The four fellows selected to participate in this 2011-2012 fellowship are:
Julia McNabb, who will be mentored at the Cowen Institute for Public Education Initiatives, seeks to develop a system for the collective purchasing of employee benefit plans during her fellowship year. McNabb, who has a master's in public administration from the John F. Kennedy School of Government at Harvard, will use her extensive experience in the non-profit world to aid New Orleans organizations in obtaining benefits for their staff. But the long-term goal of the project is even more ambitious: to develop a collective benefits model for small organizations struggling to provide benefit packages to their employees. McNabb's shorter-term goals include enabling organizations to retain skilled workers and strengthening the capacity of non-profits to attract talented professionals to live, work, and build a better New Orleans.
During her fellowship year, McNabb will develop the capacity to partner with up to 20 percent of professionals in the local New Orleans non-profit sector, and test the viability, challenges and expansion of her work throughout the region and beyond. In McNabb's view, employee benefit plans are critical to attracting talented employees and retaining leaders. "These benefit plans effectively support a healthier society as well as the building of a strong economy," she states in her proposal.
A new resident and lover of New Orleans, Candy Chang is a designer, urban planner, and artist with a passion for making cities more comfortable for people. Chang will use her fellowship to develop an online platform for New Orleanians to collaborate with community leaders through Tulane City Center. The Neighborland initiative will offer city residents a friendly and engaging platform to voice their needs, concerns and ideas and come together to find solutions to change. The service will support crowd-sourcing, design-thinking, and user-driven innovation in the fields of urban planning and development, where Chang has extensive expertise. She theorizes that people who live and work in a neighborhood know best what services, infrastructure, and businesses their community needs. The goal of Neighborland is to help communities become, in Douglas Farrʼs words from Sustainable Urbanism, more "connected, compact, and complete."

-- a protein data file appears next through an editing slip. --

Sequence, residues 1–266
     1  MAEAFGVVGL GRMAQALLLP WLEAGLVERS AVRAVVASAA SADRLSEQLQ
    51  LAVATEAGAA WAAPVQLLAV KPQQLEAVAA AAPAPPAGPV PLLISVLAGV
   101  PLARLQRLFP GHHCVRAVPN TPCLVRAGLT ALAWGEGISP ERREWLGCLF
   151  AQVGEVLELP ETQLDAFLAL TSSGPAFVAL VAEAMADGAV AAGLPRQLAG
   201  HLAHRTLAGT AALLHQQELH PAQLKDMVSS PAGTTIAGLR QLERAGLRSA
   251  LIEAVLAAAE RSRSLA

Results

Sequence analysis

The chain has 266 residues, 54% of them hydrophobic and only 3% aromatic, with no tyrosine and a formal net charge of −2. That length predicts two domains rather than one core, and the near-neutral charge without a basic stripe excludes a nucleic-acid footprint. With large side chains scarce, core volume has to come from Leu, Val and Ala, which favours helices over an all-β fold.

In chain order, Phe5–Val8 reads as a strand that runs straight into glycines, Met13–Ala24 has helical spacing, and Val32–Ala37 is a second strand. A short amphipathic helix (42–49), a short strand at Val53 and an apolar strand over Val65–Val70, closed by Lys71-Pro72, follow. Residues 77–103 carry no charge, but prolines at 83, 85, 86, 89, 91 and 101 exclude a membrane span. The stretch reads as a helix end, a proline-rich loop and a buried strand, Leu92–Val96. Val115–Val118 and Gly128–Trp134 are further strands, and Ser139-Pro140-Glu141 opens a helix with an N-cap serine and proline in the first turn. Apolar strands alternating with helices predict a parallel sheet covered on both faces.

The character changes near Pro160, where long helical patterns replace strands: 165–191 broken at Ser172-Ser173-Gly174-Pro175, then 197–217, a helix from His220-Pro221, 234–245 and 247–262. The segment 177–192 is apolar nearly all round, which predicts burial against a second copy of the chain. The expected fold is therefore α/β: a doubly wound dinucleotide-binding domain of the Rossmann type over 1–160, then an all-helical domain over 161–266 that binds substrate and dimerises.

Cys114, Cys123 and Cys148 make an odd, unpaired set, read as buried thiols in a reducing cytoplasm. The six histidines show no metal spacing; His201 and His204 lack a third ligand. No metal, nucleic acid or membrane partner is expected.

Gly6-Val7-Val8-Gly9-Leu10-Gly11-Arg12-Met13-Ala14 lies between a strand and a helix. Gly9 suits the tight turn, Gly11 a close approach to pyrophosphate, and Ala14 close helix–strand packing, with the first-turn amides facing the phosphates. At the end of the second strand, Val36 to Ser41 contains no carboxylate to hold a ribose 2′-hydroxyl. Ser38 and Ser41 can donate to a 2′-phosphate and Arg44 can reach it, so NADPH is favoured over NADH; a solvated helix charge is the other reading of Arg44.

An educator with expertise in urban agriculture and food policy, Johanna Gillian will put her passion for fresh food to use by developing two replicable and complementary food education models for Grow Dat Youth Farm and Kids Rethink New Orleans Schools. Under the mentorship of Tulane Community Health Centers, Gillian will provide support for the youth farm during its pilot year – writing a business plan, coordinating student interns, and creating a food distribution outlet – and provide guidance to implement school-based food recommendations at Kids Rethink New Orleans, a New Orleans non-profit that brings youth voices to the redevelopment of the public school system. Both projects will develop critical thinking and communication skills among youth by engaging them as leaders working to improve the regional food system.
Gillian's work during the one-year fellowship will include fundraising, staff management, student recruitment, site development, and creation of curriculum and evaluation tools that can be shared with other aspiring food and farm educators. In a state where one-third of adults are obese, Gillian says increasing access to fresh food is imperative. "Many, if not most, youth in New Orleans know very little about fresh food, a fact that has a devastating impact on public health."